Data leakage occurs when confidential or sensitive information leaves your organization without proper authorization. This breach can happen in several ways, such as through email, text messages, or even conversations overheard in public places. Data breaches can cost millions of dollars, so reducing the risks is crucial.
What Is the Average Cost of Data Leakage?
According to a study by IBM, companies paid an average of $4.24 million for data breaches in 2021. Some of these cases also involve ransomware. In these instances, hackers steal and encrypt data or block access to websites and social media accounts. They then hold these critical assets hostage until the company pays the ransom.
To make matters worse, data breaches can cost companies more than just money. Here are some additional costs:
- Damaged reputation or public image, especially if investigations show negligence was a factor
- Loss of customer trust and potential loss of the customers and the revenue they generated
- Diminished employee morale and job satisfaction, which could lead to a retention problem
- Loss of business opportunities, especially when other companies try to distance themselves from public scrutiny
- The potential for increased regulatory scrutiny and fines
What Are Some Best Practices for Handling a Data Leakage?
Ideally, you never experience a data leakage, but the odds may not be in your favor. One study reported that 80% of U.S. companies had suffered successful data breaches. So, what can you do if a hacker manages to get their hands on your data or access to your networks?
The first step is to notify your team and begin an investigation immediately. You need to understand how the data leaked and take steps to prevent it from happening again. You also need to determine if any customer data was compromised and if so, you must take steps to protect the information.
Once you have a handle on the situation, you need to develop a plan for moving forward. The plan should include notifying customers and working with law enforcement, if applicable. You also need to take steps to improve your security protocols to reduce the chances of future breaches.
How Can Organizations Prevent Data Leakage?
Regardless of the odds, 20% of U.S. companies have still not experienced data breaches. Why should your company not fall into this group? There is no sure-fire way to achieve this, but you can take several steps to reduce the risk of a breach. Consider the following options:
- Implement security controls: Firewalls and intrusion detection systems are excellent examples.
- Encrypt data at rest and in transit: This makes it almost impossible for hackers to decipher the information, even if they manage to get their hands on it.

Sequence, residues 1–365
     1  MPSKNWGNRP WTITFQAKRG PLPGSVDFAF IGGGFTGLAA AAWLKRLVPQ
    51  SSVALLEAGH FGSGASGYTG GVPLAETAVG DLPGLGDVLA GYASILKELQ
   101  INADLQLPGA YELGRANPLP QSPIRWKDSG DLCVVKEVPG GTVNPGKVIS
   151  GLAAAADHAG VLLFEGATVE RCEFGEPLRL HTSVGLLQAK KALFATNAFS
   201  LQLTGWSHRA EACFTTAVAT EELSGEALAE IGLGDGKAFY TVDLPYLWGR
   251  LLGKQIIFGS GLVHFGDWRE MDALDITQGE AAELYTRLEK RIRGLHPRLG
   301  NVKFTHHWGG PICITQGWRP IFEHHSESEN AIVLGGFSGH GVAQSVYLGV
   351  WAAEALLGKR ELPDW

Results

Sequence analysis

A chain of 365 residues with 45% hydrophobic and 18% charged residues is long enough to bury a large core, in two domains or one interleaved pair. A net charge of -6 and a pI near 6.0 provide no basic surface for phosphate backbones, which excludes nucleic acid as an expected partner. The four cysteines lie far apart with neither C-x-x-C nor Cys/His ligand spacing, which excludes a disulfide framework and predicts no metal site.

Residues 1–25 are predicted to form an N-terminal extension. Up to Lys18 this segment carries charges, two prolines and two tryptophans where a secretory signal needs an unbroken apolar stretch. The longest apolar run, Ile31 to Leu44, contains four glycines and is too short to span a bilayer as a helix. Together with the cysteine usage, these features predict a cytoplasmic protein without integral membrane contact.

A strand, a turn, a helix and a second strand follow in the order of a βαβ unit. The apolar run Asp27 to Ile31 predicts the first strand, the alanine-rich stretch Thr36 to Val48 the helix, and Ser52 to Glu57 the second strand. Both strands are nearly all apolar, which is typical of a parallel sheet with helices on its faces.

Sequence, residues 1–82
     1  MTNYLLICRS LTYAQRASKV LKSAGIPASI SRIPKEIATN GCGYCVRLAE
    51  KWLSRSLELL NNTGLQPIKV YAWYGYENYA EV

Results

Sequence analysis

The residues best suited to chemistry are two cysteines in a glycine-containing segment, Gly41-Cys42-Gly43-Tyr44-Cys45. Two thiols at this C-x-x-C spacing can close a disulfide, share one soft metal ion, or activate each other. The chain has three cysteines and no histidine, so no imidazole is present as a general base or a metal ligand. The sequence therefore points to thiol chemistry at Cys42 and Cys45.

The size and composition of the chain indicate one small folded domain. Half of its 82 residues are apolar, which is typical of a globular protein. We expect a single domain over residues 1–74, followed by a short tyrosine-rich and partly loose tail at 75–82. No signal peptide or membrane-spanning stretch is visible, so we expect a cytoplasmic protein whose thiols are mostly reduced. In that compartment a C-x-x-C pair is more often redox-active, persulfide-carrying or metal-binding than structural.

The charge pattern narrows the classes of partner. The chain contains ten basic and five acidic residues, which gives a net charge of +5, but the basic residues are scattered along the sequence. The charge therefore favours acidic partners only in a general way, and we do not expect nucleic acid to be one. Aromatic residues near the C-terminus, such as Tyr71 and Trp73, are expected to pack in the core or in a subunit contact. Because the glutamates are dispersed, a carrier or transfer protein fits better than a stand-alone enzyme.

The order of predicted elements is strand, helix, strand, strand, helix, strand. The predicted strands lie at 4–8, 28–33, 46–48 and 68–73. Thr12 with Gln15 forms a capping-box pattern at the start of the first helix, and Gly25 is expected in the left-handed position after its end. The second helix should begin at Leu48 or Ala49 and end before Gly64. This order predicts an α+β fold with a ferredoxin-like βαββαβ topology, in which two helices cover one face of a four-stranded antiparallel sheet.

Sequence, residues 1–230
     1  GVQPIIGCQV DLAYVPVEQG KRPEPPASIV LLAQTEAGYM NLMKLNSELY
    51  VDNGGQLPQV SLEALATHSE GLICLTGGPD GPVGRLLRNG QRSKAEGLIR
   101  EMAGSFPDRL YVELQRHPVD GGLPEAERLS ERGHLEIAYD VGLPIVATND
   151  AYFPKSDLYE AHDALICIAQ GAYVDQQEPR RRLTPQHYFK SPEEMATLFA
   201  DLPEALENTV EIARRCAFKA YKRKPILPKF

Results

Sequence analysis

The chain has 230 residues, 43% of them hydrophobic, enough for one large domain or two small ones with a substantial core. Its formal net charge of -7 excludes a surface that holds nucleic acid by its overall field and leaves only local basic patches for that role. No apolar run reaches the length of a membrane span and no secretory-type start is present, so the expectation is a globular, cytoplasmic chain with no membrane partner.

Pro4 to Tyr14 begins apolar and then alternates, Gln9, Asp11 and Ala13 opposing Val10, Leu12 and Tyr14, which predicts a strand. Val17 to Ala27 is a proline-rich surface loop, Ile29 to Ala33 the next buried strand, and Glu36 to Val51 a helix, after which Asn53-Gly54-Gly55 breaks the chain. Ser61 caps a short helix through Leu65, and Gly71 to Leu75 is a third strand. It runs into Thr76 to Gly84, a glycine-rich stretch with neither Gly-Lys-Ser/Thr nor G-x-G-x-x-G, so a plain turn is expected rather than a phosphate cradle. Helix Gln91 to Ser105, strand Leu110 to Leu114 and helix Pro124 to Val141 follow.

- Use robust authentication methods: Studies have shown that two-factor authentication, for example, significantly reduces the threat posed by hackers.
- Restrict access: Determine who needs access to data and systems and restrict access to only those with a clear need.
- Monitor activity for suspicious behavior: Over time, your IT team and cybersecurity professionals will become better at determining what suspicious activity looks like within your organization.
- Regularly test your security defenses: Some companies turn these into public competitions, while others use internal teams to attempt breaches and fix loopholes.
How Does Message Capturing and Archiving Help With Handling a Data Leakage?
If you’re already using message archiving, you’re ahead of the game regarding data leakage. That’s because message archiving provides you with a complete record of all communication, including email and instant messages. Access to messages can be invaluable when trying to track down the source of a data leak.
Message archiving can also help you prevent data leakage by providing a way to monitor employee communications. You can set up alerts to notify you of suspicious activity and take action to prevent data breaches. Why is this important? Half of the surveyed companies hacked during 18 months, from 2018 to 2019, said the breach originated internally.
Message archiving can also help you recover the data you need for business operations and compliance. These could include emailed contracts and invoices or transcripts of phone records. Having access to these records can allow business operations to continue while the IT team and law enforcement investigate the breach.
Data leakage is a severe problem that can cost companies millions of dollars. Taking simple precautions and using message capturing and archiving can help reduce your company’s exposure to risk. Including messaging archiving as part of your solution could help you better prevent breaches and detect the responsible parties. Contact LeapXpert for more information.